Communicating value

As an example, consider the patient that needs a hip or knee replacement. The replacement is the best option for them in most cases, restoring the function of the joint and allowing them to once again enjoy pain-free movements that mean they can get on with their lives. They are rarely concerned that treatment may last for only 10-20 years – the promise of ‘getting back to normal’ is enough for them to accept treatment willingly. You don’t hear about people choosing to use crutches instead of getting a joint replacement.

So, how do we encourage a similar approach to dental implant therapy when it is clearly the best solution for a patient? Are the effects of losing a tooth not great enough for people to worry about? Do patients not appreciate the impact of losing a tooth on their quality of life? Have they had a gap in their smile for long enough that they have acclimatised and can’t see the benefit of ‘getting back to normal’? All these things would influence whether a patient sees the value of treatment.

Consequently, it is essential that the dental team effectively communicates the benefits of their recommended treatment plan. Patients need all the facts, including information on how their quality of life will likely be impacted by implant treatment and the risks they face if they chose another option. It’s important to speak to them how you would speak to your family members and to believe in what you’re offering. And although many dentists fear coming across as “pushy” when advising a treatment plan, if you truly believe in the benefit of what you offer, and that it is 100% worth their investment, then you need to portray this.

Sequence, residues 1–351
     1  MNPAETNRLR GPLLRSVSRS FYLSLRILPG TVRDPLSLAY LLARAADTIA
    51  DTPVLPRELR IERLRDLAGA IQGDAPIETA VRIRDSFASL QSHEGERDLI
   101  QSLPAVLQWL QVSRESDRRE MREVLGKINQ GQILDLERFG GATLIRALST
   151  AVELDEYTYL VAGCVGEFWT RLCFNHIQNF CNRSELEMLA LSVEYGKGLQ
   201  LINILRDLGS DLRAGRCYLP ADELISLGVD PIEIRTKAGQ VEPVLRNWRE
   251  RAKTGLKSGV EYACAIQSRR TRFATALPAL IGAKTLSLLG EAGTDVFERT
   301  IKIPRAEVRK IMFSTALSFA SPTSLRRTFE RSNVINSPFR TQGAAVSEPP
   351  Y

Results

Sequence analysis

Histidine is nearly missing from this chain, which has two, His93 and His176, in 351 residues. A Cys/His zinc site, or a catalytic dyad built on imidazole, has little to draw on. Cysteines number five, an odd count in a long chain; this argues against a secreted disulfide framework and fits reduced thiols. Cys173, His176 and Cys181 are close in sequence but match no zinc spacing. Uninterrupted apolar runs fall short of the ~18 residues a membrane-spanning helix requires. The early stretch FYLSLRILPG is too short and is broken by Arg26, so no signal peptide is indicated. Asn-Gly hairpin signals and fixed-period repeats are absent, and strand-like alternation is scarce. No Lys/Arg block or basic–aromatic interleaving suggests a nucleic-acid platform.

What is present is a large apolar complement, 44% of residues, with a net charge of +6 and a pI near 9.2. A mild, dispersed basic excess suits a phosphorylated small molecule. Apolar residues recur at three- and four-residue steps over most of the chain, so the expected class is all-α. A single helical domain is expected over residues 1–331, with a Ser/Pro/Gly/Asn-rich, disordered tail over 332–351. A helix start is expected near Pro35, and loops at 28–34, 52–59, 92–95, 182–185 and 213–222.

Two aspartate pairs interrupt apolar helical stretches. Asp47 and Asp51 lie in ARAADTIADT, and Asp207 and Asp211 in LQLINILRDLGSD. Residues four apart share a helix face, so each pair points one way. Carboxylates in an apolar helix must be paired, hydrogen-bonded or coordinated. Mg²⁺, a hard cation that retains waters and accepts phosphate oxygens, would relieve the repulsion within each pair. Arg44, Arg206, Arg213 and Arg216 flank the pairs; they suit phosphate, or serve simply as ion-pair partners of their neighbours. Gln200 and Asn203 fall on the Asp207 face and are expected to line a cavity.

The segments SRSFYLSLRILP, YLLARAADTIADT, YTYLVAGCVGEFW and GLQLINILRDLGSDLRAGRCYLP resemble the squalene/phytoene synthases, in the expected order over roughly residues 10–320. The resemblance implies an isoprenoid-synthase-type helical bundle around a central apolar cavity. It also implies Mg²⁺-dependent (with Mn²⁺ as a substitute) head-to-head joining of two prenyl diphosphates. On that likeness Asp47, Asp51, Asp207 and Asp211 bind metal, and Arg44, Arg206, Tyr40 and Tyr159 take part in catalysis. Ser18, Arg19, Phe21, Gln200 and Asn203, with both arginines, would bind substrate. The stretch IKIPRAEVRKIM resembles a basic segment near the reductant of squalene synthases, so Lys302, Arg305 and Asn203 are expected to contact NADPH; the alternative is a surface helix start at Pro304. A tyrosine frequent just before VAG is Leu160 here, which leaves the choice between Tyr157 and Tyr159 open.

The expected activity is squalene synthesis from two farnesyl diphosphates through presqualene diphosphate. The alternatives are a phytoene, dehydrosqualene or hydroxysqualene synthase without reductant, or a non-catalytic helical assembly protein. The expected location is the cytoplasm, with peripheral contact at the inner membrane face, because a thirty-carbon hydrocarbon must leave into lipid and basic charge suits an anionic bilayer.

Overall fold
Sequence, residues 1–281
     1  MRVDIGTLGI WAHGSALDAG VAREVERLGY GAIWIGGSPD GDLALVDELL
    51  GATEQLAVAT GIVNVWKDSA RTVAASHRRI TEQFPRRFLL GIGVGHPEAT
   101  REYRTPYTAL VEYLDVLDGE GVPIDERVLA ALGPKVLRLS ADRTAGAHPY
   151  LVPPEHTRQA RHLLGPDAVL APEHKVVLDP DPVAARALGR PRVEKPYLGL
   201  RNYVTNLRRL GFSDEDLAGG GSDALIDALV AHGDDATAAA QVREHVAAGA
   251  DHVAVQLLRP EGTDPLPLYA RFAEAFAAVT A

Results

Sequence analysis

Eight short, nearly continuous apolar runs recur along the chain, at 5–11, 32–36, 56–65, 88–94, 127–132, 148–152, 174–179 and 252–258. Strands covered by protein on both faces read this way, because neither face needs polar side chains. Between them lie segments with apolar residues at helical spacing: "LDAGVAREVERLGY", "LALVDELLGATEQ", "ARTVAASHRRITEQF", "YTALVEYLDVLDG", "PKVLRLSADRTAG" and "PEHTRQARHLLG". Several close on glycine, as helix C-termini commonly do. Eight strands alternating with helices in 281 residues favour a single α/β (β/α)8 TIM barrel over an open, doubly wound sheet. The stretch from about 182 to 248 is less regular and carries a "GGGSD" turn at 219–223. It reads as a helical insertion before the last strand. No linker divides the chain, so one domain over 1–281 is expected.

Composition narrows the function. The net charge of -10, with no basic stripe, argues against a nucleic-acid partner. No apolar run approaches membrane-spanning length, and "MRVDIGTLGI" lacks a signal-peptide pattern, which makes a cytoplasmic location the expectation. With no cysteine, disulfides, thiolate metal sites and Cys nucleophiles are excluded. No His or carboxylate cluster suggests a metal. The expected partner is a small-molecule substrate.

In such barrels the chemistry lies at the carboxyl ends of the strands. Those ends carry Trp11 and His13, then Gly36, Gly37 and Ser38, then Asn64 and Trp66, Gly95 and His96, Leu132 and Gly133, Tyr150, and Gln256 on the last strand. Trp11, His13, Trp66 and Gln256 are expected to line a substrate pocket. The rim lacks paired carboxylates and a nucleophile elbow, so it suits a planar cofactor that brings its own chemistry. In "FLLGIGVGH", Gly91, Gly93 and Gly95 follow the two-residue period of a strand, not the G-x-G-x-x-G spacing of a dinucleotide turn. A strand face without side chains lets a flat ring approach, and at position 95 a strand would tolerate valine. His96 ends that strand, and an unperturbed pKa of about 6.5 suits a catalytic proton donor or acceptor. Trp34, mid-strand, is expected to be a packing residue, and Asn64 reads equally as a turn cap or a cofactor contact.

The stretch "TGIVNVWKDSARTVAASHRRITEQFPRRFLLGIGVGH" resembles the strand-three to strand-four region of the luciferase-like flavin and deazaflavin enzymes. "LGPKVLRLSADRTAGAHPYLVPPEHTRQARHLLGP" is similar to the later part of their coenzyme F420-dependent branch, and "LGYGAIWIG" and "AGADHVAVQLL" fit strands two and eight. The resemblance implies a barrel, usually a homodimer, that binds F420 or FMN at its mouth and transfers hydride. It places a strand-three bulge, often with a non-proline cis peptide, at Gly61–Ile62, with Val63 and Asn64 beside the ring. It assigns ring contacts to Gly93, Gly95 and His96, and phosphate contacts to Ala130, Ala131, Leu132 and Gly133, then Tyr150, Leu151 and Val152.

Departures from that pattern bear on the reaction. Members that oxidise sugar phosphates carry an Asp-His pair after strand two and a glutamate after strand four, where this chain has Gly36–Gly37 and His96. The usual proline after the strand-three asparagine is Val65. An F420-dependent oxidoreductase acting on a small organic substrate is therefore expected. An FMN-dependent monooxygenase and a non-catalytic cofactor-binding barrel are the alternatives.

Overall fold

When you use clinically proven implant systems and have undergone all the appropriate training, you can have confidence in the outcome of treatment and so can your patient. Should you need a helping hand with patient literature or videos to communicate the benefits of implants even more effectively, give your local Straumann Territory Manager a call!

The best for every patient

So, what do I say when asked why patients should choose implant-retained prostheses instead of dentures? There are only three words to answer – Quality. Of. Life. Implants are not for everyone, but for those who are suitable, the benefits of treatment are endless.

For more information about solutions available from Straumann, visit or call 01293 651 230



Alex Styles is a Territory Sales Manager at Straumann


[i] Sargolzaie N, Moeintaghavi A, Sojaie H. Comparing the quality of life of patients requesting dental implants before and after implant. Sargozaie N, Moeintaghavi A, Shojaie H. Comparing the Quality of Life of Patients Requesting Dental Implants Before and After Implant. Open Dent J. 2017;11:485–491. Published 2017 Aug 31. doi:10.2174/1874210601711010485